Rhodon says that that Apelles was already an “old man” when he conversed with him and that, in fact, Apelles “prided himself on his manner of life and his old age.” Harnack is probably correct in his determination that their conversation occurred sometime during the reign of Marcus Aurelius. That would seem to indicate that Apelles was born around 100 CE. And so whether we accept 144 CE to be the date of Marcion’s break with the Roman church (Harnack’s position) or as the date of Marcion’s death (Barnikol’s position), Apelles could have been Marcion’s disciple as early as the late 120s if Marcion was already actively proselytizing at that time.
However the dating of Apelles’ activity can be homed-in on even more precisely if I am correct in my contentions that the author of the so-called Ignatians was Peregrinus and that he was a follower of Apelles. For by using the information Lucian provides about Peregrinus, it can be determined that his time as a Christian fell in the 140s or perhaps a little earlier. So Apelles obviously must have already formed his own sect by that time. So I would date GJn to about 140 CE. Or at least the beginning of its composition; for since Apelles depended for much of it on the ongoing revelations of his prophetess associate Philumena, it may well have been a work-in-progress for a couple of years.
Tertullian says that Apelles, after his split from Marcion, spent some time in Alexandria before returning to Rome. Since this would have been about the same time that Valentinus went from Alexandria to Rome, the two of them would likely have known each other. And this would explain why the Valentinians were early users and commentators on GJn.
I think the proto-orthodox church of Rome finally okayed GJn around 155 CE (after extensive reworking of it) as part of a reconciliation with Apelles and his followers. Irenaeus, in his “Against Heresies” says ““He (Polycarp) it was who, coming to Rome in the time of Anicetus, caused many to turn away from the aforesaid heretics (Valentinus and Marcion) to the church of God…” (3.3.4). I think the Marcionites referred to in that quote were – more precisely – Apelleans. Because of their early association with Marcion, many continued and still continue to think of Apelles and his followers as being, even after the split, some kind of moderate Marcionites. But it should be obvious that, due to their rejection of Marcion and his ditheism, docetism and rigorism, no group of Marcion–tainted people were more ripe for merging back with the proto-orthodox.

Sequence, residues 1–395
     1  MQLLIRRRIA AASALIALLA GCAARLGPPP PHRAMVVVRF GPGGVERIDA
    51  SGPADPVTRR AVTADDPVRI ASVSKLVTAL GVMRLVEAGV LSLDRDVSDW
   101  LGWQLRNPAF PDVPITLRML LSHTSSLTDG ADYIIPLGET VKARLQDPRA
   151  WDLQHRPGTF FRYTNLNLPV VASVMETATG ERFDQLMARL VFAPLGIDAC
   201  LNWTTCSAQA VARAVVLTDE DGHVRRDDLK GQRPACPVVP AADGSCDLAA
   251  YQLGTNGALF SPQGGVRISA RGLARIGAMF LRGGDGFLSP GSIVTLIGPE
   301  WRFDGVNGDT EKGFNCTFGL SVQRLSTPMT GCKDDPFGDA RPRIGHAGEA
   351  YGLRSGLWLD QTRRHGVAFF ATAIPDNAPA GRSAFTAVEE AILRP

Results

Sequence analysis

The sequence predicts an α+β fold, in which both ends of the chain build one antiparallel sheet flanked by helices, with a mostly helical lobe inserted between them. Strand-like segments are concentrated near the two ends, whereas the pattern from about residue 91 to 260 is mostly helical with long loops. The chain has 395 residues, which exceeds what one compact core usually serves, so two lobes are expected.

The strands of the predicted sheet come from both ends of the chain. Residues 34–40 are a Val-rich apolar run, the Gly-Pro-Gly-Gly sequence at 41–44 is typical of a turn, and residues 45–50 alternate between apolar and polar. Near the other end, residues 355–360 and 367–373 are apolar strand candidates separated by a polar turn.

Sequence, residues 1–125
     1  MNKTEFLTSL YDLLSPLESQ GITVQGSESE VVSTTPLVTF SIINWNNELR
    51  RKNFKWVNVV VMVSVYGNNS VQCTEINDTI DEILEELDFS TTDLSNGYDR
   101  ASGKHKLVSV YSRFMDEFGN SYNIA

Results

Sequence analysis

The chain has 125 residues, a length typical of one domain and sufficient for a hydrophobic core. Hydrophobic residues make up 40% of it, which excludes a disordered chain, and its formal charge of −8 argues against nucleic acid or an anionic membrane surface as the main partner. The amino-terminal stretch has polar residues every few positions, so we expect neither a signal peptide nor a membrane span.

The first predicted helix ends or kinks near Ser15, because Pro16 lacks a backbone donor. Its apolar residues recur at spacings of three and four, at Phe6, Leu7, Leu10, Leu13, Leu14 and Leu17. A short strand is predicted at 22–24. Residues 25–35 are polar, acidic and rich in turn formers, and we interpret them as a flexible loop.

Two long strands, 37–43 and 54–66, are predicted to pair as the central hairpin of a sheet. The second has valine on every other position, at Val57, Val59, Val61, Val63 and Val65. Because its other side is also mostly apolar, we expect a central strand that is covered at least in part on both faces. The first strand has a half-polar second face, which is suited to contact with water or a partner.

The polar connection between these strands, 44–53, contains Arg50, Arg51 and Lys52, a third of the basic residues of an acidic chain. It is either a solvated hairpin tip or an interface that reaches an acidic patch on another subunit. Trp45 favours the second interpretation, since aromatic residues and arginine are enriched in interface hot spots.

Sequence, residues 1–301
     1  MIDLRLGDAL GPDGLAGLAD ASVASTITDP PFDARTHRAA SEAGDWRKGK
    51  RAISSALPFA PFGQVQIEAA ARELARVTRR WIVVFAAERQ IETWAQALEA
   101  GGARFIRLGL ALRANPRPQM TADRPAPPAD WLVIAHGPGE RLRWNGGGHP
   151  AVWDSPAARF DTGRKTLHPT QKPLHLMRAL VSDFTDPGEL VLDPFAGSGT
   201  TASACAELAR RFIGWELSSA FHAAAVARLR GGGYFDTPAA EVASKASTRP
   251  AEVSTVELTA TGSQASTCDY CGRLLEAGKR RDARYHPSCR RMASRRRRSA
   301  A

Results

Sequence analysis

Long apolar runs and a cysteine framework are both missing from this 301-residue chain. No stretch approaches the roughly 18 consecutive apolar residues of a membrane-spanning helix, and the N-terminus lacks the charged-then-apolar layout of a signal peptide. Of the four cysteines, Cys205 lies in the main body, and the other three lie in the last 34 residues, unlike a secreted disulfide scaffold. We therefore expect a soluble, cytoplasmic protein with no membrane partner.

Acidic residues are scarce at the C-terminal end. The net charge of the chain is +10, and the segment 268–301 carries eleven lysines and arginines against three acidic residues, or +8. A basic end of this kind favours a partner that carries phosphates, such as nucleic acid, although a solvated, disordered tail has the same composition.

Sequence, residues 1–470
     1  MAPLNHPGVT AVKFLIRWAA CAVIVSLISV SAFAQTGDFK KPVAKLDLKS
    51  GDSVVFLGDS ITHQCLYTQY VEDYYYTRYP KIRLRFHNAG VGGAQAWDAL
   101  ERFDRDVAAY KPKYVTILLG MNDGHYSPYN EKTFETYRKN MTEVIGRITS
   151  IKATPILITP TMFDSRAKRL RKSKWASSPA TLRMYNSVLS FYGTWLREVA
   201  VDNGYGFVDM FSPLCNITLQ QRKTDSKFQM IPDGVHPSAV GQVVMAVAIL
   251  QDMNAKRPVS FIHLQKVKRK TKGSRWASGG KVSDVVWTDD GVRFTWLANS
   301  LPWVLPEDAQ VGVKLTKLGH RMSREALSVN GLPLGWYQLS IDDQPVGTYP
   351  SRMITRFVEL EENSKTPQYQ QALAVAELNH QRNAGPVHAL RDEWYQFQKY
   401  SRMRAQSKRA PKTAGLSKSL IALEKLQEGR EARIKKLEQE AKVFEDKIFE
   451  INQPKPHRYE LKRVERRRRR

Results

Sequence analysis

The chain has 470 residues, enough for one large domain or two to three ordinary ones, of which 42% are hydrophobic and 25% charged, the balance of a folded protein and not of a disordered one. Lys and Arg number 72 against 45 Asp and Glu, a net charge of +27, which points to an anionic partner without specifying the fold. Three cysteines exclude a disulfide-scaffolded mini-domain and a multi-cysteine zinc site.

To me, one confirmation of this reconciliation scenario is the fact that Irenaeus, in his “Against Heresies,” nowhere mentions or condemns Apelles, Apelleans, or distinctive Apellean doctrines even though he does not hesitate to condemn by name many lesser heretical figures and teachings. It was only after Apelles’ death that the proto-orthodox – in the person of Tertullian – first targeted Apelles.
It was always a bit odd to me when I re-read the Johannine letters and noticed that they are the only epistles in the NT that never quote the OT.
The quotation is incomplete and deliberately twisted. Jesus said, “You are of your father the devil.” That same devil is the author of whatever confused tripe this is supposed to be.
The whole concept is hard to stomach.